Comparative Characterization of Two Nearshore Rocky Reef Areas: A high-use recreational fishing reef vs. an unfished reef Public Deposited

http://ir.library.oregonstate.edu/concern/graduate_thesis_or_dissertations/7s75dh51w

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  • This project has provided the ODFW Marine Habitat Project with a unique opportunity to make a comparative examination of the habitats and fish communities of a heavily fished reef off of Siletz Bay, and a nearly unfished reef off Cape Perpetua. There are over 17,000 angler trips for groundfish out of Depoe Bay annually, many choosing to fish Siletz Reef. In addition, numerous whale watching and sightseeing charter vessels operate in the vicinity of the reef. Cape Perpetua Reef consists of isolated patches of rock, and is too far from Newport (the nearest port) to receive much fishing effort. This examination of the influences of fishing pressure in nearshore rocky habitat complements, and is embedded in, a broader effort to understand the distribution and character of Oregon’s nearshore rocky reefs, and the species that are dependent upon them for habitat. The ODFW Marine Habitat Project has spent the last eight years working in cooperation with scientists and other resource agencies to develop methods for classifying and mapping nearshore rocky reefs habitats off Oregon. Because nearshore reefs are in state waters, Oregon is responsible for managing these living resources and habitats to sustain their long-term use and productivity. To date, eight reefs have been surveyed and mapped with sidescan and/or multibeam bathymetry at a resolution indicative of fish habitat. ODFW has also been developing non-extractive fish survey techniques to describe fish-habitat associations and estimate fish abundance at the habitat and reef scale. The importance of habitat to reef species cannot be over-stated and is now widely accepted in the scientific community and is the focus of major research efforts in other Pacific coastal states. Better understanding of the degree to which harvest influences relative and absolute abundance, combined with species-habitat relationships, is essential for resource managers to exercise their stewardship responsibilities to protect 5 essential habitat, develop population indices for species at risk, and maintain healthy and productive ecological systems.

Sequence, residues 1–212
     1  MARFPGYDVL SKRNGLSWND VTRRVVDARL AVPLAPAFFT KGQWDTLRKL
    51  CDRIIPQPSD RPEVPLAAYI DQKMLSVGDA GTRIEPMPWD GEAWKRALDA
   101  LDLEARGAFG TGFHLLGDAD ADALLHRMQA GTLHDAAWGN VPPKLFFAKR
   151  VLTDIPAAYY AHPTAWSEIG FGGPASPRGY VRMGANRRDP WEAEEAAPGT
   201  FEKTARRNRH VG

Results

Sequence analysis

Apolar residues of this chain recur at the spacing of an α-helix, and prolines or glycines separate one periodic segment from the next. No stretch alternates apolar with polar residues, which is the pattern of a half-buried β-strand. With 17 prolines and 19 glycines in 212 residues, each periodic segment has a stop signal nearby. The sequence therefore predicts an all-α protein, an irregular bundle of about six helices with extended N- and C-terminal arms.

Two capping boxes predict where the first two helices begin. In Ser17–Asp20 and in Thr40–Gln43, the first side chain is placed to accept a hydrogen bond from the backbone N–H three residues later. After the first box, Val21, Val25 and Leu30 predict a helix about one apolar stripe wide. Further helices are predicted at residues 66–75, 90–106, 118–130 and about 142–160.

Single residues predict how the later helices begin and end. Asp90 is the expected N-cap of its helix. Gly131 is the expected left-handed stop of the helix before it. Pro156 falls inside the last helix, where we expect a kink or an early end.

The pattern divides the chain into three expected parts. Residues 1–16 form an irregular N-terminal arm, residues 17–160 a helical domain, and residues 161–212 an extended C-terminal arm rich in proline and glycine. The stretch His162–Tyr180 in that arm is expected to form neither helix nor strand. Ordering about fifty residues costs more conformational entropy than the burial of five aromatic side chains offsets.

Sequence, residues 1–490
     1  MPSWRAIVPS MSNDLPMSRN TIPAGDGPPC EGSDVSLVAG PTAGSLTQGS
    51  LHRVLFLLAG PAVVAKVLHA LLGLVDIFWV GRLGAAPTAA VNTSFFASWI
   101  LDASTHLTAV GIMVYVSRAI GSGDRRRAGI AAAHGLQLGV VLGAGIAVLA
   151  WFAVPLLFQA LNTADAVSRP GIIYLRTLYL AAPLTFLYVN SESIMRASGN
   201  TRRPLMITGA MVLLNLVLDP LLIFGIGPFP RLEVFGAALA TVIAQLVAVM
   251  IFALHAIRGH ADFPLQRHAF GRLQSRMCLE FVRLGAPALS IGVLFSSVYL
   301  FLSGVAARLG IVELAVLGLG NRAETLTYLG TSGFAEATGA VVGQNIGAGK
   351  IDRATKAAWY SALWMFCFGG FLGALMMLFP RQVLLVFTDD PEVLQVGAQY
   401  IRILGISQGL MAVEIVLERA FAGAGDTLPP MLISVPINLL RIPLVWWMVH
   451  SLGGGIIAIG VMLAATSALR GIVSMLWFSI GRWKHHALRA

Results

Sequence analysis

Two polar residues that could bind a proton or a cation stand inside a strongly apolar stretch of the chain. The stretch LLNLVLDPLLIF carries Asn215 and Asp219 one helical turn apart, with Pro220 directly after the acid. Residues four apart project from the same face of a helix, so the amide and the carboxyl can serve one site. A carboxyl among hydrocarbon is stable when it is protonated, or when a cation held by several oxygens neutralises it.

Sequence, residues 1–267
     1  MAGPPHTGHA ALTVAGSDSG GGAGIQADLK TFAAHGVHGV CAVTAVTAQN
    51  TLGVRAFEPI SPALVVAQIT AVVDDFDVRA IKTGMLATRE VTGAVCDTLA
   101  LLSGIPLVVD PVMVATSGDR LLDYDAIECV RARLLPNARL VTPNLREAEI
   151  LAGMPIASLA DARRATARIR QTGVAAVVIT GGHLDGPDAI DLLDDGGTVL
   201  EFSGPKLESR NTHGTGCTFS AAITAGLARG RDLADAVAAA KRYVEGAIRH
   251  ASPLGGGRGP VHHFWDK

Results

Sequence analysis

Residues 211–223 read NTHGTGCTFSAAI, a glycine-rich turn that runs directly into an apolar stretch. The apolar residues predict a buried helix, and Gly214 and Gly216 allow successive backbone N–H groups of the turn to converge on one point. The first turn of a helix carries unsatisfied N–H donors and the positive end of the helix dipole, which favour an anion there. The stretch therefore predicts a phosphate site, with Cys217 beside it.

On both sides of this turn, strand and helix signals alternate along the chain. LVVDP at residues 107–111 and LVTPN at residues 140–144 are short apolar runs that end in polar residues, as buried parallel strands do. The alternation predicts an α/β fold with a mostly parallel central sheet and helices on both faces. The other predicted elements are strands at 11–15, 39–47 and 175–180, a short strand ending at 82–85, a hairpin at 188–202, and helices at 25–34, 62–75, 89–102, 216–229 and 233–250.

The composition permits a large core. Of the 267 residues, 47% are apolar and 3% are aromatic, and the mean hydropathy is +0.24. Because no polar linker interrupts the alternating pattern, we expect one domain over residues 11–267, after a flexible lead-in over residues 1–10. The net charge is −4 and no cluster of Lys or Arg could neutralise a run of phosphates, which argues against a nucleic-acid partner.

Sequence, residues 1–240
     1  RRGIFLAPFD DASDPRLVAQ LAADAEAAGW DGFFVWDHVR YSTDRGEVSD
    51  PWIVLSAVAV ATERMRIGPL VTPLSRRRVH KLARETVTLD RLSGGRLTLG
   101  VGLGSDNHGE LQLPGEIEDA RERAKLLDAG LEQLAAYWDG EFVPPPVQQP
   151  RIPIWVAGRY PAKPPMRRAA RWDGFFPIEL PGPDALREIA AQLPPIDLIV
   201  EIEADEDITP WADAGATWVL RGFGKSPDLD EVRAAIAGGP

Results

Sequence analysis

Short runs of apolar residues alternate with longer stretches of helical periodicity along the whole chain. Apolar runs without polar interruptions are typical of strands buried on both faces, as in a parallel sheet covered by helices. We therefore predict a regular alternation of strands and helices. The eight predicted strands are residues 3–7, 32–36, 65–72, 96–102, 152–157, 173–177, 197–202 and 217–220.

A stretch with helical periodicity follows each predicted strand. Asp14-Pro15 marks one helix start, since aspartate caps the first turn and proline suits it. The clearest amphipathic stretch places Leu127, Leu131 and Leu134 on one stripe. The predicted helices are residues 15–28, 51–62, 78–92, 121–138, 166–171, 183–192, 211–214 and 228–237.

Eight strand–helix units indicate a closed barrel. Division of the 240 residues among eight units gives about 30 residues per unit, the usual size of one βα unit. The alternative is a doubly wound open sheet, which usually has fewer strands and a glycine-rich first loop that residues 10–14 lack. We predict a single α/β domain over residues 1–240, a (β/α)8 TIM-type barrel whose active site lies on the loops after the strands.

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  • description.provenance : Submitted by Janet Webster (janet.webster@oregonstate.edu) on 2012-05-31T16:34:57Z No. of bitstreams: 1 Appy.pdf: 14739725 bytes, checksum: 3801ff4bcd3979a7ae4e6ebb78aa0652 (MD5)
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